What is Contributory Negligence?

What is Contributory Negligence Robert armstrong personal injury attorney north carolina

If you are involved in a vehicle accident, the term contributory negligence might come up. Contributory negligence is the legal term for the actions of an injured person who may have played a part in causing their own injury. 

For example, if you are hit by a car while riding your bicycle, but you were riding on the wrong side of the road, you could share the blame for the accident, and your compensation could be affected. Another example would be dining in a restaurant and having a severe peanut allergy but failing to notify the restaurant. If you eat something with peanuts and have an allergic reaction, it may be partially your fault for failing to tell the employees. 

Not every state has the contributory negligence law; actually, few do. North Carolina happens to be one such state. As a result, contributory negligence can be a challenging lawsuit. Personal injury attorney Robert Armstrong, located in Wilmington, North Carolina, is here to help you navigate it and understand the basics of the law. 

How does North Carolina’s contributory negligence law work?

North Carolina is one of only a handful of states that still abide by the contributory negligence law. 

This rule means that if a judge determines that you are at fault in any manner — even if you are just one percent at fault for the car accident — you cannot recover anything in damages even if the other party is ninety-nine percent at fault. 

(This law is different from most states in which you can be partially at fault and still receive compensation.)

Last Clear Chance Doctrine 

North Carolina does have legal doctrines which can override contributory negligence. 

One example is the Last Clear Chance Doctrine. North Carolina courts have outlined the elements of the last clear chance doctrine as follows:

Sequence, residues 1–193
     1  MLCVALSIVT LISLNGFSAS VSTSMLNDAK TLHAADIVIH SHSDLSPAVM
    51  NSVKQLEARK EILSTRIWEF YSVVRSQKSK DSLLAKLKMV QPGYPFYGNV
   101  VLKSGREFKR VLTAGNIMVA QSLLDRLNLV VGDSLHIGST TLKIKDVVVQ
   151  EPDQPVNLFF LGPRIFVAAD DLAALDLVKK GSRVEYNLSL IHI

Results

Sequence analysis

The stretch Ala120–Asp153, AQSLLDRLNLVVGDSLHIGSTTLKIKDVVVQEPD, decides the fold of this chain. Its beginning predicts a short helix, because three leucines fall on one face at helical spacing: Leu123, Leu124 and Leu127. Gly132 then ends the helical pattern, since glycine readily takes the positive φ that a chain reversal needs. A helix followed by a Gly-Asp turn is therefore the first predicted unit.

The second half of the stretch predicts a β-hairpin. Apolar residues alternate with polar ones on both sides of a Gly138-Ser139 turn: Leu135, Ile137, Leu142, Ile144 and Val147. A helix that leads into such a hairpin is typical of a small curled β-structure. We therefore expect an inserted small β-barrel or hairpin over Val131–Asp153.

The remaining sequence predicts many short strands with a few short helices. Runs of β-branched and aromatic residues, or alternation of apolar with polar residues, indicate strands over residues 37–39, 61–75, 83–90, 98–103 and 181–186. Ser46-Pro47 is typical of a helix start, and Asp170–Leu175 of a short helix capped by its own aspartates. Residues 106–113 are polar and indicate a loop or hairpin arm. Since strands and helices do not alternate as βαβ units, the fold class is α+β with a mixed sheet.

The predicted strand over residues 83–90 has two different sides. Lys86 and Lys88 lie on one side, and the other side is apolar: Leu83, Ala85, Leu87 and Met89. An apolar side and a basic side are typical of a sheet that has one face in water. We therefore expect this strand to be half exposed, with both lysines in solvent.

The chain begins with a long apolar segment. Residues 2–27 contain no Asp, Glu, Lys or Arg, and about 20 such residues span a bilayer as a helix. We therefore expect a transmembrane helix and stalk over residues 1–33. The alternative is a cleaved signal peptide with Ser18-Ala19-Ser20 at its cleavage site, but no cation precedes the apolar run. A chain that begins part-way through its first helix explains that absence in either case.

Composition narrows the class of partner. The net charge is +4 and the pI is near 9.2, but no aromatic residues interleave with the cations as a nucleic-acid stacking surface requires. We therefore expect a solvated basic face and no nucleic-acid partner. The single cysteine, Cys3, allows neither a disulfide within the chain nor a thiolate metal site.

• The plaintiff, by the plaintiff’s own negligence, put themselves into a position of helpless peril;
  • Defendant discovered, or should have discovered, the position of the plaintiff;
  • The defendant had the time and ability to avoid the injury;
  • Defendant negligently failed to do so; and
  • Plaintiff was injured as a result of the defendant’s failure to prevent the injury.

Essentially, if the defendant acted intentionally or recklessly, you might still be able to receive money for damages. The Last Clear Chance Doctrine is usually a case-by-case basis, so having a lawyer on your side could significantly improve your chances of using this tactic effectively. 

Duty of Care

Duty of care is a legal term that refers to the responsibility one person has to avoid causing harm to another. 

It is a type of social contract that includes individuals’ implicit responsibilities towards others within society. In most cases, every person has at least some duty of care toward others. 

When a person engages in an activity, they are under a legal duty to act as a reasonable, ordinary, and prudent person in the same or similar circumstances, often known as the “standard of care” or the “reasonable person standard.” Everyone must take reasonable care to avoid injury to others.

Standard of Care Provision

Contributory negligence is calculated by something called the standard of care provision, which is an offshoot of duty of care. 

An at-fault driver’s conduct is measured against that of a reasonable, ordinary, prudent person. The “reasonable person” standard is measured objectively in that it does not consider the emotional state, opinions, or status of the at-fault party. In other words, the at-fault party is deemed to have knowledge of things known by the average member of society and expected to act as one would under similar circumstances. 

Three simple takeaways for the Standard of Care Provision include: 

  • Standard of care applies to what a reasonable person would have done in a similar situation.
  • To be considered contributory negligence, you must have done something that was both negligent and caused the specific injury or damage that is at the center of the claim.
  • Just because you may have been negligent, it still must have caused or contributed to your injury in order to bar recovery.

In North Carolina, children are not held to the same standard of care for negligence as adults. 

Contact Attorney Robert Armstrong 

Located in Wilmington, North Carolina, Robert Armstrong is here to help you navigate the challenges that occur with the contributory negligence law or any other issues with your car accident case. As an experienced personal injury attorney firm, we are committed to working through the complexities of your case. Contact Robert Armstrong’s office today for help contact (910) -256-1233 for a consultation. 

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